I'm driving here with my friend Oleg, a Russian who has lived in Bandar-e Anzali for years, a town with a free trade zone on the Caspian coast. He speaks fluent Persian, but with a Russian accent, which often leads Iranians to a salve of laughter. Crazy rides along winding roads, with every inch of green space occupied by large Iranian families with their friends. Next to the barbecue, which is often prepared by the mountain rivers, with the necessary carpet or thick blanket, there proudly stands the samovar. The old-fashioned way is to heat water and tea with charcoal, though often the whole gas bottle is also carried, to which a gas-powered samovar is tied. Oleg and I greet the visitors that, of course, immediately offer a glass of tea.
Yes, a glass of tea, not a cup, because cups are not used to drink tea. There are various tea glasses, but traditional ones are small glasses (called estekan) that can often be seen in the hands of fresh tea vendors in the squares of Iran. Many have beautiful curvy ornaments or pictures of Qajar rulers and princes offering a whiff of times past. Surprisingly (or not so strangely), the glass is an integral part of the interior of many taxis and buses, where the drivers’ cockpit, in addition to the unavoidable taspih (prayer rosary), the Panjah (also known as Fatima's hand), paper towels, there is a glass which is the personal property of the driver and who pour hectolitres of tea into it while driving. Not infrequently, while driving around the wide Iranian plateau, I poured tea from a thermos flask to driver Mohsen as we drove towards Shiraz, realizing the importance of this drink to the driver in much the same way as fuel to the car.
During the time of Ashura, one of Iran's biggest Shiite holidays, when devout Shiite Muslims remember the tragedy and killing of the third Imam Hussein, streets and squares are filled with stalls where food and tea are distributed free of charge. In fact, food (so called nazri) is more prevalent in special houses of worship - hosseinieh, as well as in individual family homes, and tea is still ubiquitous. But this is a special tea, it is called chay-e mohammadi. In it float petals of Damascus rose which in Persian is called Gol Mohammadi. The beautiful rose scent gives this tea an exceptional aroma and is served on truly special occasions. If you come to visit an Iranian family, at least two or three different types of tea will be served, just as Mrs. Mehri and Mrs. Tahere do, two women who always make sure I get fat while in Iran. Usually these teas are of the type Ceylon or Darjeeling because they are rich in taste, aroma and potency.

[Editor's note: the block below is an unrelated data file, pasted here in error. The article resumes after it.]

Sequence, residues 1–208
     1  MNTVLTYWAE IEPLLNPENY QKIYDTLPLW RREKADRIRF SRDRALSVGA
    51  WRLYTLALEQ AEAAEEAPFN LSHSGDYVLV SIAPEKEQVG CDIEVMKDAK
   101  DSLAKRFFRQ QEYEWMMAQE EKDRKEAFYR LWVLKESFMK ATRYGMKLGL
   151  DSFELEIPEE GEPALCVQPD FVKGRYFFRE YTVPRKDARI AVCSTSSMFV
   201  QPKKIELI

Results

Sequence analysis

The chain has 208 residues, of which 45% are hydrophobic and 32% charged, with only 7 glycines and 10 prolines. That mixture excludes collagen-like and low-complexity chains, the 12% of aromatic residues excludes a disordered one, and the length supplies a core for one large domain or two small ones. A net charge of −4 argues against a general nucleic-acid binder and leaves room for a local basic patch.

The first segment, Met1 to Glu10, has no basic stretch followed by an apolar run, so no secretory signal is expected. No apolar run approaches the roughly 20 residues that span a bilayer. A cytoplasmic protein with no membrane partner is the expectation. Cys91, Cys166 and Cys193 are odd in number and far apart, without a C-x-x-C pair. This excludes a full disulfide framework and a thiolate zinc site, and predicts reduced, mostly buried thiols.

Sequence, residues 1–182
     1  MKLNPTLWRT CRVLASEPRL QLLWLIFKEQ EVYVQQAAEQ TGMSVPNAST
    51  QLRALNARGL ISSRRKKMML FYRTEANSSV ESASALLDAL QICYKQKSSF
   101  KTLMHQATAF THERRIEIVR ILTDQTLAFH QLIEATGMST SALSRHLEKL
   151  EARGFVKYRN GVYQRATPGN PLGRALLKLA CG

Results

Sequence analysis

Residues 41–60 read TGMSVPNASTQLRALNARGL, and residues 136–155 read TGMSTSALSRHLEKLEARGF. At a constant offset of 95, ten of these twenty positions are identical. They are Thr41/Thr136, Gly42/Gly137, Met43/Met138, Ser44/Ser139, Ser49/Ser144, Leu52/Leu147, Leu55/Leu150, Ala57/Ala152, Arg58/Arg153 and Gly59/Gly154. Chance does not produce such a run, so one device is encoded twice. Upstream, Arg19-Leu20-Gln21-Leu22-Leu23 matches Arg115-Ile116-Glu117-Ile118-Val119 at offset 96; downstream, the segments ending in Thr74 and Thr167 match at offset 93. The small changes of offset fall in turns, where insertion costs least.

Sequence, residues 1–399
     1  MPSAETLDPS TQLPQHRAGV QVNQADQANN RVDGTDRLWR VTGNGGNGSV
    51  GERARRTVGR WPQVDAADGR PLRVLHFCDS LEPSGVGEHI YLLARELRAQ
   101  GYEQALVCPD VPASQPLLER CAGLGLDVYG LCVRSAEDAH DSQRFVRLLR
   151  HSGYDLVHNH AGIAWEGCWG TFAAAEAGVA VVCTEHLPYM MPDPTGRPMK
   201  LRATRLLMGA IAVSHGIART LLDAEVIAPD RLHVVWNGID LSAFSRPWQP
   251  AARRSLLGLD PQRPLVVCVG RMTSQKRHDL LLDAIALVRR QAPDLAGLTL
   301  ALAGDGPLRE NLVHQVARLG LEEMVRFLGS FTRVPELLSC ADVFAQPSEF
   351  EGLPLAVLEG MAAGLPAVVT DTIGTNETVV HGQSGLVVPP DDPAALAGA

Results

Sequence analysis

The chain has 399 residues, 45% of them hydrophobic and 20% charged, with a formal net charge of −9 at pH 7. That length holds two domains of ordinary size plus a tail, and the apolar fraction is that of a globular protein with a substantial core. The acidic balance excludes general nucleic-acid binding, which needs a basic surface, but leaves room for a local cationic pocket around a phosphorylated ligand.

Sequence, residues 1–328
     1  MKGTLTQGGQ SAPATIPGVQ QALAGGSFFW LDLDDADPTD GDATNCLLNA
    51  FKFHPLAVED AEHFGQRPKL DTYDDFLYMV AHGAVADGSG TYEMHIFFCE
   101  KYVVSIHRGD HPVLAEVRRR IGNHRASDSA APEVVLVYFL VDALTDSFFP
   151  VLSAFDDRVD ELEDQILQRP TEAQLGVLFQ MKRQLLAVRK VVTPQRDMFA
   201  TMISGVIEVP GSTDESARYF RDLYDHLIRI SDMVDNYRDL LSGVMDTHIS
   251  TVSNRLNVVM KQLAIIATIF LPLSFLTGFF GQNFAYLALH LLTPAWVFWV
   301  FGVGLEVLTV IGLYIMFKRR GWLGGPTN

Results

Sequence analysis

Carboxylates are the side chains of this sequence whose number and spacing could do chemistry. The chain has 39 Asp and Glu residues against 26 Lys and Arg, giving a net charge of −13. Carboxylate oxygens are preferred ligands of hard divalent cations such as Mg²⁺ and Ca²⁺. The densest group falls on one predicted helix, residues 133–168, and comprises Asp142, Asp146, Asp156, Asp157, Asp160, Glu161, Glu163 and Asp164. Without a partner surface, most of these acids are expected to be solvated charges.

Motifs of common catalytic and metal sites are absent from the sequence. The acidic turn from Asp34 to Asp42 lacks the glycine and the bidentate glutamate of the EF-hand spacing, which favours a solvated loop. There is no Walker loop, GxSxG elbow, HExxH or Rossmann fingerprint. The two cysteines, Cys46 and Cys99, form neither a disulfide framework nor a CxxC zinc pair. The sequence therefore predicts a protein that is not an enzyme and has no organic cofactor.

Tea is served without any additives - unless it is chay-e shirin or literally sweet tea. Such tea must already be sweetened before. The worst thing to do is to put a sugar cube in the brewed tea and drink it. Instead, a larger piece of sugar cube (called ghand) is held between the upper palate and the lower row of teeth and the tea is literally sucked through that cube. You will probably have a few sweet tries before you learn to drink tea. Only in the area of Iranian Kurdistan is it possible to get traditionally already sweetened tea. Lemon tea can be found in the northern provinces of Gilan and Mazandaran, while in the Fars province, lime tea can also be found. In the far southeast of the country, along the border with Pakistan, Baluchis drink milk tea, which is already a tradition of the Indian subcontinent. Instead of sugar, you can use nabat, crystallised sugar that comes often with a saffron flavour.
There are more and more cosy, almost melancholy, tea and coffee shops in the big cities of Iran. The modern expression of pleasure in tradition brings with it a variety of different tea. So here, under the dim light of these nice places, you can try chay-e babooneh teas (chamomile), chay-e golab (rose tea), chay-e na'na (mint tea), chay-e helli (tea with cardamom), chay-e darchin (cinnamon tea) or chay-e za'ferani (saffron tea). Each has a wonderful, somewhat unusual taste, so it is nice to taste these "alternatives" as well. Welcome to Iran, the land of tea!